It's 6:30 a.m. at the University of Minnesota's aquatic center. And, to be honest, the scene is a bit surreal.
Five meters up, perched on a concrete diving platform, is a teenager in military fatigues. He's got a black stocking cap pulled over his eyes, and he's holding a rifle.
Before you can make sense of what's going on, the guy hurls himself into the water below -- gun and all.
As it turns out, this is a pretty typical morning, at least for members of the University's Reserve Officers' Training Corps, or ROTC as it's better known.
Water survival training is just one of the many things these cadets learn on their way to becoming officers in the U.S. Army.
Today 120 college students splash around a heated, indoor swimming pool in Minneapolis. In just a few years, they'll be in Iraq, Afghanistan or wherever else the Army chooses to deploy them.
Freshman Bethany Kullmann can't imagine her future any other way, but trying to explain that to her friends has been quite a challenge.
"I've actually been called a fool to my face by one of my friends," said Kullmann.
"'It's just, you are completely stupid. Why would you ever want to do this? There is nothing intelligent about what you want to do'," Kullman said her friends tell her.
U.S. troops have been in Iraq for over five years. More than 4,000 Americans have lost their lives. And two-thirds of the country's citizens now say the war isn't worth fighting.
You might wonder why anyone would think this is a good time to volunteer for military service. But, as you listen to these cadets, that question starts to seem a bit shallow.
"I don't want to talk about freedom, and I don't want to talk about defending the Constitution if I'm not going out and doing something," said one cadet. "I don't want someone else to do that for me. I want to be able to say I was in that fight, and I stood up for what we believe in."
"I was born in Ukraine," explained another. "I moved here in 1999. I love this country, and I want to give something back."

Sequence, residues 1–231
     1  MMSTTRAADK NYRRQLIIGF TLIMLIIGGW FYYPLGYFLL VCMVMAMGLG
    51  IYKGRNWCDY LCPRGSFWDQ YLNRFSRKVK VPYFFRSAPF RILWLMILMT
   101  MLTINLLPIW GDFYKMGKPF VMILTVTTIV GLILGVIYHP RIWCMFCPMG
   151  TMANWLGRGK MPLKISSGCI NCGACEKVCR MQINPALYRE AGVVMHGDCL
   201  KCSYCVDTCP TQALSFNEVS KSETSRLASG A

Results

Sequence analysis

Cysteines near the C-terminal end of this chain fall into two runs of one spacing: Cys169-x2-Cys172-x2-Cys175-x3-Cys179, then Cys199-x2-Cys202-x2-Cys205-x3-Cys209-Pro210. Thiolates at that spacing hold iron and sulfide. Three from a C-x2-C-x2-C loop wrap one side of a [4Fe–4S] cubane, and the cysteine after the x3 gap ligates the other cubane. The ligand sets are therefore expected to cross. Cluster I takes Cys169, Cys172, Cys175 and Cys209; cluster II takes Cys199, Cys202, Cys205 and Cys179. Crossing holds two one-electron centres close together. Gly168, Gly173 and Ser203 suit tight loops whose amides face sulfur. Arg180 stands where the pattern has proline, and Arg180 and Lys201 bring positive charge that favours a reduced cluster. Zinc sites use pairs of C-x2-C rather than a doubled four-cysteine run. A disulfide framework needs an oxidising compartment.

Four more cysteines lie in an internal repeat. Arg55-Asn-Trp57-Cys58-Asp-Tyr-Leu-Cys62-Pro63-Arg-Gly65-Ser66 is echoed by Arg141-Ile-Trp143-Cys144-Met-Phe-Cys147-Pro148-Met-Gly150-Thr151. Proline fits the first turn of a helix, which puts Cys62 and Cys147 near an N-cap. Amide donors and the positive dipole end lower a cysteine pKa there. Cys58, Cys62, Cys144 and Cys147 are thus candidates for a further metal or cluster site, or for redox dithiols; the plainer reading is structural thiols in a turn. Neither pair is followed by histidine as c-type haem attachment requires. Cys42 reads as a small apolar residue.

"I think what a lot of people have a really hard time doing is separating the current administration and the current war from the definition of America," added Kullmann. "I mean, we are here, because we believe in a liberal democracy, because we believe in the Constitution, the way of the American life and because we serve the Office of the President, not the person who sits in that chair. That doesn't matter. Whether we agree or not, whether the public agrees with this war, that makes absolutely no difference."
Contrary to popular belief, students don't get handed full-rides for simply enrolling in ROTC. The program does offer college scholarships: some 4-year, some 2-year. But a quarter of the U of M cadets don't receive any money at all.
Then again, most of them seem to be motivated by something other than free English courses or complimentary biology labs.
"I always just sort of felt an intrinsic need to serve something higher than myself," explained a cadet. "I had a grandfather who was in the French Army in World War I. He was actually legally exempt from military service, but he decided to do so, because he felt that it was something more important than himself. So I really take that to heart. It's being part of something greater."
Back at the aquatic center, a tug-of-war has broken out in the deep-end. Cadets tread water as they pull on a soggy rope, trying to yank their opponents across the pool.
According to the classic military advertisements, Army officers are broad-shouldered men with crew cuts and a penchant for barking orders.
But you'd be hard pressed to find anyone like that in this group.
Instead, there's the art major who describes himself as a 'former hippie slacker.' There's a 5-foot-tall sophomore who has a habit of playing with her ponytail. And there's the lanky guy sporting Hawaiian-print board shorts. When he first enrolled in the ROTC program, he could barely muster 10 push-ups.
Of course, these cadets do have one thing in common with those old-school Army poster boys: a strong desire to serve their country.
Bethany Kullmann said it's a calling she couldn't suppress, despite her best efforts.
"Both my parents had been through the ROTC program in late 70s, and my mom was one of first female paratroopers. So I always grew up hearing these stories at the dinner table. But I always thought, 'It's not for me. I wanna be a prom dress designer.' But I was thirteen when 9/11 happened. I really distinctly remember the day after, watching TV and seeing a fighter pilot saying that he could shoot down an American airliner, and he could die if it was better for the whole of the American people. And I literally felt like someone had punched me in the face, like this is your calling, this is your duty," Kullmann said.
And that dream of becoming a prom dress designer?
"It's OK," said Kullmann. "I can't sew."